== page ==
SFO boss drops in as Capital + Merchant trial drawing to a close
Serious Fraud Office boss Adam Feeley dropped by Auckland High Court this week as the trial of three Capital + Merchant Finance Group directors was wrapping up.
Mr Feeley watched from the back of the courtroom while Crown prosecutor Nick Davidson QC made his closing submissions in the multi-million dollar theft case, brought by the SFO.
Yesterday the defence began delivering its closing arguments and is expected to finish today.
The defence called no witnesses during the trial and relied largely on the argument there was no case to answer.
None of the directors, who pleaded not guilty to Crimes Act charges, gave evidence. They sat through the trial alongside their lawyers.
Speaking outside the court earlier, Mr Davidson described the five-week trial as more complicated than unravelling the Winebox Inquiry.
Read NBR ONLINE'S summary of the trial here.
Capital + Merchant's chief executive Owen Tallentire and directors Neal Nicholls and Wayne Douglas face three charges of theft relating to $28 million worth of property and investment loans advanced by the financier between 2005 and 2006.
The charges concern four separate transactions, referred to as Numeria 1 and 2, and Clyde 1 and 2, and their intersection with Capital + Merchant Finance.
Messrs Nicholls and Tallentire also face a fourth Crimes Act theft charge.
If Justice Ed Wylie, hearing the trial alone, finds them guilty, they face a maximum penalty of seven years' imprisonment.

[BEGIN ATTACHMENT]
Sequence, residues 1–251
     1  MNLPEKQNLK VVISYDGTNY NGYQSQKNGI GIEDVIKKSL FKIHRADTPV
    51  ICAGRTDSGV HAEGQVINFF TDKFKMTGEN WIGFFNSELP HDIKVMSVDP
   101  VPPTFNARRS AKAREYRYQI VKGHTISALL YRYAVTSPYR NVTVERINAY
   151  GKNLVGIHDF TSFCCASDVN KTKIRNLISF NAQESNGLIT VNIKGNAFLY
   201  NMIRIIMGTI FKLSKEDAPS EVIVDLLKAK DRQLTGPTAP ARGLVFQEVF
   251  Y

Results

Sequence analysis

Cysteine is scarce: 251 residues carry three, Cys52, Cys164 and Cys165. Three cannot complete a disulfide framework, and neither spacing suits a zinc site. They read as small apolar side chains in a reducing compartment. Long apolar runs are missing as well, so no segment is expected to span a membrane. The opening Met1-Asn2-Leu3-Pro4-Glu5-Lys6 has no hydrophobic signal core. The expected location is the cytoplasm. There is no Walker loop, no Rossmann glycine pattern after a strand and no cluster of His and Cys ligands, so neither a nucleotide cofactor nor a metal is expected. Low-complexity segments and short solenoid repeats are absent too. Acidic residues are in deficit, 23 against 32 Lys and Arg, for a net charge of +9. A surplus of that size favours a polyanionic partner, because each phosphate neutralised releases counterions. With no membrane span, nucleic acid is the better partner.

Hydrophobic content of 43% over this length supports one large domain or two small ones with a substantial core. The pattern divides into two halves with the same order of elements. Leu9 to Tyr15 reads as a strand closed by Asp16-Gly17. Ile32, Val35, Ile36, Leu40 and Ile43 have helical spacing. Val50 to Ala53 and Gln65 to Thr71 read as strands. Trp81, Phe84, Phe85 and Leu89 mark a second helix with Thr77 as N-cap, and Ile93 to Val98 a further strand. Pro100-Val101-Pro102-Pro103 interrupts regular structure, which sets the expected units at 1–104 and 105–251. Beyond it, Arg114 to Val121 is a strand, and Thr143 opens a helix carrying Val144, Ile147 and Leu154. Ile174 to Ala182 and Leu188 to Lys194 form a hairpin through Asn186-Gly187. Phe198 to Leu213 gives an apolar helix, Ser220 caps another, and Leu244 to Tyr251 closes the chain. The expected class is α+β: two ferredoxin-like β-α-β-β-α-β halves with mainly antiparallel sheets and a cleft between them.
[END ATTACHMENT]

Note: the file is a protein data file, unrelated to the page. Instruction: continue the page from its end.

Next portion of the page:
The Crown called 16 witnesses as it set out to prove the directors guilty of multi-miillion theft relating to property and investment loans.
Capital + Merchant Finance mainly provided finance and mortgage facilities for commercial and residential property development.
Funds were sourced primarily from the issue of securities to the public as debenture stock and convertible capital notes
Central to the Crown’s case is the allegation Messrs Nichols and Douglas used investor money to finance C+MF’s purchase of loans and leasing company Numeria Holdings, based on a grossly inflated valuation by Mr Tallentire.
It is alleged trusts associated with the director trio benefited from the sale to the tune of $5 million.
Mr Davidson has told the court the directors have no defence. The directors abandoned their duties and deliberately breached their obligations under the trust deed as they circulated millions of investor's dollars between several trusts.
Defence lawyer Bruce Gray QC argued the financier's numerous reports and statements demonstrated the directors had met disclosure duties to the firm's trustee.
It is the second High Court trial for Messrs Douglas and Nicholls, who were in April before the same judge defending separate Crimes Act charges, also brought by the SFO.
The same judge has reserved his verdict on the pair until completion of this trial.
Capital+Merchant owed $167.1million to about 7500 investors when it collapsed in November 2007 – an average of about $22,280 each. Recoveries are unlikely.